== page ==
Network standards, particularly for those things able to connect to the Internet, or function anywhere the world, must all adhere to international standards. Consider sending a file via the Internet to Brazil. Eventually the data you are sending will reach Brazil, and in the process, it will pass many other borders; the "data highway" must be structured the same way throughout the journey. Or consider moving to Brazil and taking your computer with you. The network card in it, and the ports for connecting to you new school's network need to work the same way here and in China; the need to be standard.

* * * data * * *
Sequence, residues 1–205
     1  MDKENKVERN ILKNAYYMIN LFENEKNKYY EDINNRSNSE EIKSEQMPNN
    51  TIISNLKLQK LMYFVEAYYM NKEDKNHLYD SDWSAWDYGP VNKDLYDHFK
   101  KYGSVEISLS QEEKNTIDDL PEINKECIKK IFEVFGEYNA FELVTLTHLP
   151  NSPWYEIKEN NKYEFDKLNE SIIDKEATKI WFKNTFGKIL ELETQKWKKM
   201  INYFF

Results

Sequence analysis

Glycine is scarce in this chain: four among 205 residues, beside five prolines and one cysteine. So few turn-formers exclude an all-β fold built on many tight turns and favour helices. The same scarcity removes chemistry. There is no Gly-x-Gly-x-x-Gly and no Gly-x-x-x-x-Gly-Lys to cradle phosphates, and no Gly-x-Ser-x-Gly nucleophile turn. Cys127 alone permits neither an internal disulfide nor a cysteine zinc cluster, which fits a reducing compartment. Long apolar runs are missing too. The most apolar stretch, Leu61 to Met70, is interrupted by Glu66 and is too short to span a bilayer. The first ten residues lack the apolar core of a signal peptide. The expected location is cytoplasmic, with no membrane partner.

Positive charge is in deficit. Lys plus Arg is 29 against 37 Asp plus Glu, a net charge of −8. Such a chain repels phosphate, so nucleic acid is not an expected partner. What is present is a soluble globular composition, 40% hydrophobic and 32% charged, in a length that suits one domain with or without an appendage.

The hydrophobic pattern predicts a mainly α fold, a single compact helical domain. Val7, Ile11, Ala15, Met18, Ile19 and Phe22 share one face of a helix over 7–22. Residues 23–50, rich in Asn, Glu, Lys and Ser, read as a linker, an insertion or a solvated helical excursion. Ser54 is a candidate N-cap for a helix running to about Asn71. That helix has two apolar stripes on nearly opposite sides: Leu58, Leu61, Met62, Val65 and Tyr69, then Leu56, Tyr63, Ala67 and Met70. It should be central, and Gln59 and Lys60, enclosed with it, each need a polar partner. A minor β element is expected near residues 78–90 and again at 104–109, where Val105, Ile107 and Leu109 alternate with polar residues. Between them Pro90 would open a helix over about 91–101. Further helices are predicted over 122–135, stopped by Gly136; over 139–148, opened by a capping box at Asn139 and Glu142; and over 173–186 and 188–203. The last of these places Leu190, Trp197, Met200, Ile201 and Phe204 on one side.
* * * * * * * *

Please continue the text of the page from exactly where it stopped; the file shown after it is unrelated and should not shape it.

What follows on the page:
Ethernet Cable Example

So (taking a few more specific examples from the list above), a "cat 5" Ethernet cable, has to be exactly the same around the world; it has to be the same gauge (i.e. thickness) and made of the same material, and it needs to have an exact, standard connector at the end, with the same number of wires, designated to do the same thing.

Data Router Example

And the router that routes on your data (via your Internet Service Provider (ISP)) has to be able to work with data packets exactly the same way as the router routing on that data through Vienna, and Berlin, and London, and on to New York, and Springfield Missouri. The routers need to adhere to certain standards. And The firewall software you have on your computer here in Thailand needs to be able to work the same way, here as it does anywhere else in the world; for that to be true, the protocols used in sending and receiving data have to be standard around the world.